Submitted to: New Biotechnology
Publication Type: Peer Reviewed Journal
Publication Acceptance Date: 8/4/2010
Publication Date: 1/1/2011
Citation: Ashby, R.D., Zerkowski, J.A., Solaiman, D., Liu, L.S. 2011. Biopolymer scaffolds for use in delivering antimicrobial Sophorolipids to the acne-causing bacterium propionibacterium acnes. New Biotechnology. 28(1):24-30. Interpretive Summary: Acne is a common ailment amongst the adolescent population which can result in scarring and more significantly, self-image problems. Currently, there are a number of treatments for acne most of which focus on inhibiting pore blockage, killing the causative bacterium (Propionibacterium acnes), limiting the inflammation and/or regulating hormone levels. Each of these treatments carries side-effects that make it less than ideal. Currently, two popular treatments include the application of ointments containing benzoyl peroxide and/or oral or topical antibiotic treatments. However, benzoyl peroxide has been known to cause localized skin irritations and the potential for bleaching while prolonged antibiotic treatments may cause bacterial resistance which limits effectiveness. Sophorolipids (SLs) are molecules that are produced by yeasts from renewable resources and have been documented to be effective in controlling P. acnes. In this study we demonstrated the effectiveness of SL application using four different biodegradable polymers (pectin, alginate, poly-3-hydroxybutyrate, and poly-3-hydroxybutyrate-co-10%-3-hydroxyhexanoate) as molecular scaffolds to introduce the SL molecules to the acne-causing organism. Data suggested that pectin-, alginate-, (long chain plant sugars) and both polyhydroxyalkanoate (bacterial storage molecules)-SL composite films all proved successful in combating P. acnes. However, pectin- and alginate-based SL composite films required dramatically less SL to be effective thereby favoring moderate to fast release applications. In addition, these films remained comparatively transparent in the presence of SL which may be more appealing for visible/facial applications. On the other hand, PHA-SL films required a higher SL concentration to induce the antimicrobial effects on P. acnes but, as the SL concentration increased the films became more opaque making these composites more favorable for slower-release, nonvisible applications. Results of this study may help to direct treatments more towards the use of biological polymers and SLs in anti-acne applications thereby eliminating many of the current and potential side-effects that existing treatments present.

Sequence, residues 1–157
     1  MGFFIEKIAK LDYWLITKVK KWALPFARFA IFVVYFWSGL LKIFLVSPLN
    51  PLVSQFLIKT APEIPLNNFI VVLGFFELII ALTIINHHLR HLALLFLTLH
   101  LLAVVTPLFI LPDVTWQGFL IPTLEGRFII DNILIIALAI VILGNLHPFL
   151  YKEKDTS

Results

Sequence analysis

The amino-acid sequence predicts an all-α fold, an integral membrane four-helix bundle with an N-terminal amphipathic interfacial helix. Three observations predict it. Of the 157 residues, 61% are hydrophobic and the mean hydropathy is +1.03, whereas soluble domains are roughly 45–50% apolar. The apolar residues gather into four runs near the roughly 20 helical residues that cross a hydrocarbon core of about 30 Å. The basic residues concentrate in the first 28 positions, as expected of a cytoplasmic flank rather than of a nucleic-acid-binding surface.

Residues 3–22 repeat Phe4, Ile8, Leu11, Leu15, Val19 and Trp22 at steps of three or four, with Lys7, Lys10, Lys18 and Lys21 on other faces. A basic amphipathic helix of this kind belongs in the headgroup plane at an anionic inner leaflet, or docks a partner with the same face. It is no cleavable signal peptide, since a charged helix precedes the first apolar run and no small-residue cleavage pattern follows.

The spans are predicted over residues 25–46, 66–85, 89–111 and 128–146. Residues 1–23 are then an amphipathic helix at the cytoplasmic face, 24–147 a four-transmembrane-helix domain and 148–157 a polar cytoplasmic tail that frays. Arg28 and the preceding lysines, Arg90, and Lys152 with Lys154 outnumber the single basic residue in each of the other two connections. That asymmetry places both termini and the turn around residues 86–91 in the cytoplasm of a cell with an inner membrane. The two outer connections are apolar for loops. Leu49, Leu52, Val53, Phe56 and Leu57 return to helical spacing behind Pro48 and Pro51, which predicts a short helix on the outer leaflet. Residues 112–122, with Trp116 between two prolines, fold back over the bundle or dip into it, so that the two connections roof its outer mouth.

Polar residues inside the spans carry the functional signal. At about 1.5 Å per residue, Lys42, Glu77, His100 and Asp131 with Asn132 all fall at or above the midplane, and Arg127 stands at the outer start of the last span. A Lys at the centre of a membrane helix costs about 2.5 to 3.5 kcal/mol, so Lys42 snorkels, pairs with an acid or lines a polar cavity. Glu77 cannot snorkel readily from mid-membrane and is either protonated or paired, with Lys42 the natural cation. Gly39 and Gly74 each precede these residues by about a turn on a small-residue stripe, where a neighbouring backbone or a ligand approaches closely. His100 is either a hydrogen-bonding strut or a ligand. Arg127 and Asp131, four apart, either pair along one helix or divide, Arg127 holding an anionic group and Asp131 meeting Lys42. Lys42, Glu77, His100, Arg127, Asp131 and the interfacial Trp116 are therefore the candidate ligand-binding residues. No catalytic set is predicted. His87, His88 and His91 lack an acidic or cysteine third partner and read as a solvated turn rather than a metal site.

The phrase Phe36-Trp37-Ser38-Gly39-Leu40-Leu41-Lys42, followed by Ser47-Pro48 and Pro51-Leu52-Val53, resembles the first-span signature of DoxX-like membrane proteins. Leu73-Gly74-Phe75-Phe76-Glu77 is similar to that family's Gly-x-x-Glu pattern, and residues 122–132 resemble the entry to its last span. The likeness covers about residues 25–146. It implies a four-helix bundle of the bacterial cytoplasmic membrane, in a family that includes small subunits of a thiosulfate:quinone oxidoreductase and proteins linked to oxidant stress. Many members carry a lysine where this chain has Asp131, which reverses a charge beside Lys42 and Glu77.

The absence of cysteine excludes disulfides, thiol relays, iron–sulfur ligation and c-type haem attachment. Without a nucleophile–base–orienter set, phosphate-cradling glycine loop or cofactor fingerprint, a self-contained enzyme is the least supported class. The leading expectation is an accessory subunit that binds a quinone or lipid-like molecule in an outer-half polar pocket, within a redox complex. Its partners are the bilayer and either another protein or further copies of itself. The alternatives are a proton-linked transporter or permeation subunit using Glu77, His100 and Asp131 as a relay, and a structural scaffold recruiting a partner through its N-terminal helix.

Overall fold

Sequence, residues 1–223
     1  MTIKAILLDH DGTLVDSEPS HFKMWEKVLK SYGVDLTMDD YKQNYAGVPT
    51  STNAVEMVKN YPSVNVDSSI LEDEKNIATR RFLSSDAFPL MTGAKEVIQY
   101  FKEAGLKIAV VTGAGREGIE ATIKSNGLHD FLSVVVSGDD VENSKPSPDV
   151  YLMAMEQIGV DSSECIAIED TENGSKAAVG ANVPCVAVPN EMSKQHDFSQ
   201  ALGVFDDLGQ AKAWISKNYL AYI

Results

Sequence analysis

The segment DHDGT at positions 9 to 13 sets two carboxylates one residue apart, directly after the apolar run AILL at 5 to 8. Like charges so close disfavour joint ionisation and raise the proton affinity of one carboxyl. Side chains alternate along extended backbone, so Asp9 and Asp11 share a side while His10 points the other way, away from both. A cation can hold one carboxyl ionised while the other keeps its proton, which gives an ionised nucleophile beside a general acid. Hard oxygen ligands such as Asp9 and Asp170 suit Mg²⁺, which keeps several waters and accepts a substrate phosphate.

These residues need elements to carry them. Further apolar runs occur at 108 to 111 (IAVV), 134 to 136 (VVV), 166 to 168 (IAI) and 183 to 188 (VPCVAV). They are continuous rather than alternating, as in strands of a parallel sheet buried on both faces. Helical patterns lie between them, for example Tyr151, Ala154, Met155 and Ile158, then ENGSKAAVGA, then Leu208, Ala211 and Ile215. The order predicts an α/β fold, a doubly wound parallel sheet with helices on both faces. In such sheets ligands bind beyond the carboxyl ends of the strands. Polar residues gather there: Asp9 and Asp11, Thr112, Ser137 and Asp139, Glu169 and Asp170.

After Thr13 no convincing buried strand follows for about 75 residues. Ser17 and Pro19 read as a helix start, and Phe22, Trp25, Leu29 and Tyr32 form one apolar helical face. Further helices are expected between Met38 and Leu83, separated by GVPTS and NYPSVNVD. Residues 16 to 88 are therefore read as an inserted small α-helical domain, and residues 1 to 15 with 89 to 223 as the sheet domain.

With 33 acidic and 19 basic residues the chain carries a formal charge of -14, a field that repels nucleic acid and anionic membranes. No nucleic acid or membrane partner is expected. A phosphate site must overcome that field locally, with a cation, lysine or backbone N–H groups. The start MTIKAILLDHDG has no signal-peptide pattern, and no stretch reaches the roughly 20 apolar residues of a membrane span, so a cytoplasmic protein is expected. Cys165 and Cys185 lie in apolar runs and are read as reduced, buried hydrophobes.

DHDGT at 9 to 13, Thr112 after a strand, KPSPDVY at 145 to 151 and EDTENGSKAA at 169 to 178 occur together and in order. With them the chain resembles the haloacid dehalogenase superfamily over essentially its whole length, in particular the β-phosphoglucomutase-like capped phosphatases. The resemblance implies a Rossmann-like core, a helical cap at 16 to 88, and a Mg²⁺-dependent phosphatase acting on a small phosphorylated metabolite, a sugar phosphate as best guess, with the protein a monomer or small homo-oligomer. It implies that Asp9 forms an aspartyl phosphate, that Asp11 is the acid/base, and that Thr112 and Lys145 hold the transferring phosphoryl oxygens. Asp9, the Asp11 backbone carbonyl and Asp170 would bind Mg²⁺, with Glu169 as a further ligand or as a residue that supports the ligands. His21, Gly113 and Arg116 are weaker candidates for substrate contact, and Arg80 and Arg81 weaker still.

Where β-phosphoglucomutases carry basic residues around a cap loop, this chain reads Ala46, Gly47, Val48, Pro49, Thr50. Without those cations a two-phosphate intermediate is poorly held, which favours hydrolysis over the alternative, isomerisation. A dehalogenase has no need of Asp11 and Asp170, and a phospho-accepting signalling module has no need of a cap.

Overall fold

Technical Abstract: Sophorolipids (SLs) are known to possess antimicrobial properties towards many species (particularly Gram-positive, or Gram+) of bacteria. However, they can only be exerted if the SLs can be introduced to the bacterial cells in an acceptable manner. Propionibacterium acnes is the common bacterial cause of acne. It is a Gram+ facultative anaerobe that is susceptible to the action of SLs. In this study we demonstrated that different biopolymer matrices could be used to produce SL composite films that exert various antimicrobial efficiencies against P. acnes. Increasing SL concentrations in poly-3-hydroxybutyrate (PHB) and PHB-co-10%-3-hydroxyhexanoate (PHB/HHx) resulted in noticeably improved (PHB/HHx was best) antimicrobial activity based on the size of the zones of inhibition using an overlay plating technique on synthetic growth medium. However, increasing concentrations of SLs in PHB and PHB/HHx films also increased film opacity, which diminishes the likelihood of use especially in visible (facial) areas. Pectin- and alginate- improved the transparent character of SL composite films while also acting as successful carriers of SLs to P. acnes. The lactone form of the SLs proved to exhibit the best antimicrobial action and in concert with either pectin or alginate biopolymers provided a comparatively transparent, successful means of utilizing SLs as a renewable, environmentally benign anti-acne solution with the potential for minimal side effects.